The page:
Tensions are high everywhere. Injustices towards minority Black and brown people are raising concerns within the LGBTQ+ community as well. The Black community spoke up on systemic racism and police brutality. However, they didn’t do as much for their queer brothers and sisters. Regardless of sexuality, a Black person is still Black and deserves the support of their community.
The Black community never had a good reputation with the LGBTQ+ community. Historically, homosexuality and sexual abuse were used to dehumanize Black men during slavery. With that precedent, the Black community strongly discouraged homosexuality and looked at it as something similar to a crime. These feelings carried through generations. Today, there are still queer individuals who receive hatred from their family for expressing their sexuality. Young individuals are often kicked out or disowned and forced to figure out life alone. They become subjected to vulnerability and naivety. This leads to a higher chance of experiencing violence or being taken advantage of in some way.
Riah Milton, Dominique Fells, Iyanna Dior and Tony McDade are the recent victims of violence against LGBTQ+ individuals.
While their stories are all different, violence against queer Black individuals happens at higher rates than non-Black individuals. Society has become more tolerant of the LGBTQ+ community but we’re still seeing a trend in violence against transgendered individuals. According to pflag.org, hate crimes based on gender identity rose from 0.5 percent to 1.8 percent every year. If you need a better contrast, the amount of reported hate crimes against LGBTQ+ individuals in 2014 was 5,479. While in 2018, the number rose to 7,120. These hate crimes come from everywhere; loved ones, anti-LGBTQ+ organizations, police officers, and others who feel threatened by someone else’s differences. Even President Donald Trump, who has sparked a lot of controversies, ruled on a decision to revoke nondiscrimination protections for LGBTQ+ individuals seeking medical attention earlier this month.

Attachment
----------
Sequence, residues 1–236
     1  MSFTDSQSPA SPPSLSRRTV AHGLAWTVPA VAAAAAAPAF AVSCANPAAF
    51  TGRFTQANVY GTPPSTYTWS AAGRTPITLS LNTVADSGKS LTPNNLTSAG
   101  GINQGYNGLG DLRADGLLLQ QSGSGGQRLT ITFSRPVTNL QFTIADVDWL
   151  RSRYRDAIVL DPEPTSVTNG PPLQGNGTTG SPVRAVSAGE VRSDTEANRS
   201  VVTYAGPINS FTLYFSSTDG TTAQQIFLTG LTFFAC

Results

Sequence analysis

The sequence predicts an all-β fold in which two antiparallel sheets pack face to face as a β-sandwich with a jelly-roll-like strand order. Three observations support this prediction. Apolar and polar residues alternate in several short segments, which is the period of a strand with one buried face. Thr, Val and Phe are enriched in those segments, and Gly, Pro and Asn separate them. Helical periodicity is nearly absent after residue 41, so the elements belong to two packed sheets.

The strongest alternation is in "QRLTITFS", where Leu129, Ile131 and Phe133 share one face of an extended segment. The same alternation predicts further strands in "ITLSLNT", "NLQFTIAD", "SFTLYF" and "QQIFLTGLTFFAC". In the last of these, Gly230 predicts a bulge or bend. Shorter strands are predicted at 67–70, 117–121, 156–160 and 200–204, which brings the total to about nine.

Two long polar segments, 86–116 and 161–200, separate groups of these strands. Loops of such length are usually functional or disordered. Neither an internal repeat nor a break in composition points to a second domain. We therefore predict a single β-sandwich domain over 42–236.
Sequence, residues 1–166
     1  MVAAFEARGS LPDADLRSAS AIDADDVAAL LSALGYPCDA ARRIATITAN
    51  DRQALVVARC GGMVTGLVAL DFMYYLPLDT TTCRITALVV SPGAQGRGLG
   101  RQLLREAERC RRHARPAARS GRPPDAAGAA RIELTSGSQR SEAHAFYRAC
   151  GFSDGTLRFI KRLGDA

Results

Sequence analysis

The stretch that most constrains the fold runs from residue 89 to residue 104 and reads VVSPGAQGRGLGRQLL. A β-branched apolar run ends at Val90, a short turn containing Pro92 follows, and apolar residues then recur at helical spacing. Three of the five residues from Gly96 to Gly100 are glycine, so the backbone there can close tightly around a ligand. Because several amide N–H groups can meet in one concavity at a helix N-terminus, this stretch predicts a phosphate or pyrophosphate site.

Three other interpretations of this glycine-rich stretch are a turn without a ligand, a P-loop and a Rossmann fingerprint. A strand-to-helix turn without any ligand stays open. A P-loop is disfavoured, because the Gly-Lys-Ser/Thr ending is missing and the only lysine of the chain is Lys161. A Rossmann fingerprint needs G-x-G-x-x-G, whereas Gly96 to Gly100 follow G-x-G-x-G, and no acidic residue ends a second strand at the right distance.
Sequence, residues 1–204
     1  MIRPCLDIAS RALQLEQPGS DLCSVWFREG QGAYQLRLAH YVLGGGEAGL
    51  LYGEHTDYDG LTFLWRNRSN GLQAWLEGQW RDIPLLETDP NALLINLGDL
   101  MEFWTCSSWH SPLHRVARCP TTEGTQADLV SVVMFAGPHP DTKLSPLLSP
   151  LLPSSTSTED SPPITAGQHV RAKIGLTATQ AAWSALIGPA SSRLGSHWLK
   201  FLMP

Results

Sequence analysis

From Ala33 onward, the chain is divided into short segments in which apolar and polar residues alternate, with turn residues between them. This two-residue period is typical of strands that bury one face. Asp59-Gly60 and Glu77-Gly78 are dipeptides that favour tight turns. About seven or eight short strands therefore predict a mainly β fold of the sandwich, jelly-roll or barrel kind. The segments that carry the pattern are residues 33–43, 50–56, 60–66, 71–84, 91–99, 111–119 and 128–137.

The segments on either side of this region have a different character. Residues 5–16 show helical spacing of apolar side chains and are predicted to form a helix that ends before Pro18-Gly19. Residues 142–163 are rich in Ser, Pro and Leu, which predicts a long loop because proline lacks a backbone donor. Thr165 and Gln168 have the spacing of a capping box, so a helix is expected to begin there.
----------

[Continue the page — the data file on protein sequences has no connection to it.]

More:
As we’ve seen, when we all come together and support one another we can’t be stopped. Protests and petitions alone were able to bring some sort of justice for George Floyd and Ahmaud Arbery. Riah Milton, Dominique Fells, and Tony McDade didn’t get the same attention. We criminalize sexuality the same way society criminalizes our blackness and it’s not right. As a community, we can’t be stuck in our ways so much that we turn the other cheek to violence against our own members. It will take some time but remember that these individuals were Black before they came out about their sexuality.
Going forward, the Black community needs to stand up for all of its members.
The message Black Lives Matter and the Black community should be sending is that it shouldn’t matter who you love or who you choose to be, your life still matters. The same way non-Black individuals showed their solidarity against racism and police brutality, Black people must uplift their LGBTQ+ counterparts. There’s no way to justify the violence done to LGBTQ+ individuals, their sexuality isn’t the only thing that defines them. There’s no way to shy away from the conversation because it’s right in front of you and it’s becoming more normalized within society. When we say ‘Black Lives Matter,’ we must include Black LGBTQ+ individuals; there’s no room for hypocritical logic.